When the Tax Cuts and Jobs Act (TCJA) was signed into law in December 2017, sweeping changes to Form W-4 became a matter of “when,” not “if.” Those changes—arguably the biggest since the form debuted in 1943—are finally materializing for the 2020 tax year, after a one-year implementation delay prompted by feedback from payroll and tax communities
Each year, the Internal Revenue Service issues a new W-4, and each year, many people don’t bother to fill it out.
This happens despite the fact that there are significant things that can occur in any given year that might influence how you fill out a W-4. Reviewing Form W-4 annually is an excellent habit for just about anyone, even if it’s not a federal requirement.
In this post, we’ll provide a quick overview of the 2021 W-4 for both employers and employees. We’ll show you exactly how to fill out the W-4, and we’ll walk you through the IRS withholding estimator. All of this knowledge can help anyone complete the form with the best information possible based on their situation.
Why should anyone care about filling out a W-4? Well, the form was re-designed in 2020 to make withholdings more accurate, and while there isn’t a big difference between the 2020 and the 2021 form, it’s important to stay current.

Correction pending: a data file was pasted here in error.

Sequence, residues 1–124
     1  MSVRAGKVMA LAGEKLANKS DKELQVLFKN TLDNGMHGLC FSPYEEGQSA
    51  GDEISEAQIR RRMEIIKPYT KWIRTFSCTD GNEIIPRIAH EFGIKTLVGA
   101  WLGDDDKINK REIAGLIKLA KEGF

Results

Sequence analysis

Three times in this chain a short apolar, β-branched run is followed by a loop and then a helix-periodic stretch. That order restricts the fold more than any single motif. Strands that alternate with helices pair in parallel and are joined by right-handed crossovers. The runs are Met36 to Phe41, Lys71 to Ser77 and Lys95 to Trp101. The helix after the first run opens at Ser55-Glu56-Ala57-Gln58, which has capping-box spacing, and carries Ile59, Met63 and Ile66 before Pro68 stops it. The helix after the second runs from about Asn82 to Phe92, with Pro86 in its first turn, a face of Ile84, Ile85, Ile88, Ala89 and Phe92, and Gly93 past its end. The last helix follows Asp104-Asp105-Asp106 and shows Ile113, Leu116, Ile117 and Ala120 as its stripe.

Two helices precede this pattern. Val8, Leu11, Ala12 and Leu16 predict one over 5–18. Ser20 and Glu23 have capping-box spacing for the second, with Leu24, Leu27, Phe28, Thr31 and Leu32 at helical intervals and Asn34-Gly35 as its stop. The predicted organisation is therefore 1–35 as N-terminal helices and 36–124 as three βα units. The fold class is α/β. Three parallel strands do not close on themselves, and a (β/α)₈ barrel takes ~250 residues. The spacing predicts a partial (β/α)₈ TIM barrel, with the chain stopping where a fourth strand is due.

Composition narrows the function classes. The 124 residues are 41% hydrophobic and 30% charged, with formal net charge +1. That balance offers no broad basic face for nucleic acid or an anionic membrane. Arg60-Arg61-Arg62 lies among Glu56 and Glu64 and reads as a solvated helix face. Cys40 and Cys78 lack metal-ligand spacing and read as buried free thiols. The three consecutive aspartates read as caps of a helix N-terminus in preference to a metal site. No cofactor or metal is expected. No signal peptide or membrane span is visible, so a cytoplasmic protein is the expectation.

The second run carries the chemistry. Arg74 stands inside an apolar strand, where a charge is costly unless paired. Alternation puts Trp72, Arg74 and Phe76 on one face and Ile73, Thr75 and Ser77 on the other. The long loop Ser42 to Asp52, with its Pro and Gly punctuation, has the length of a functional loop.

Taxpayers who fill out the 2021 form are less likely to wind up with a large tax bill or a giant refund when they file tax returns in 2022—money that could have been invested or spent on essential expenses throughout the year.
If that isn’t reason enough to revisit Form W-4, with the passage of the Tax Cuts & Jobs Act (TCJA) in 2017, major changes to employee withholding came to pass. Those changes affected many taxpayers in many ways—and they’re still taking place.
- Learn how the new W4 will impact employees
- Learn the most effective way to communicate the completion of the W4 without the perception of providing legal or tax advise
- Learn what needs to be submitted on the deadline dates
- How to explain the differences between the old W-4 form and modern form to employees wishing to make election changes
- How you should communicate the changes to new hires and current employees
- Employee data privacy concerns related to other sources of income.
- What the Tax Cuts and Jobs Act of 2017 includes and the impact to the 2021 W4
- Learn what the new W4 form looks like
- What expenses have now been removed
- How are Employees reacting to the changes
- Why the TCJA made the IRS regulations?
- What are the changes to the W4 form and when should it be used?
- How the Payroll Associations responded to the new changes?
- What Should Employers Understand and be compliant for tax purposes?
- What resource can be used to communicate changes appropriately?
Who Should Attend?
- All Employers
- Business Owners
- Company Leadership
- Small business owners
- Compliance professionals
- Payroll Administrators
- HR Professionals
- Compliance Professionals
- Employers in all industries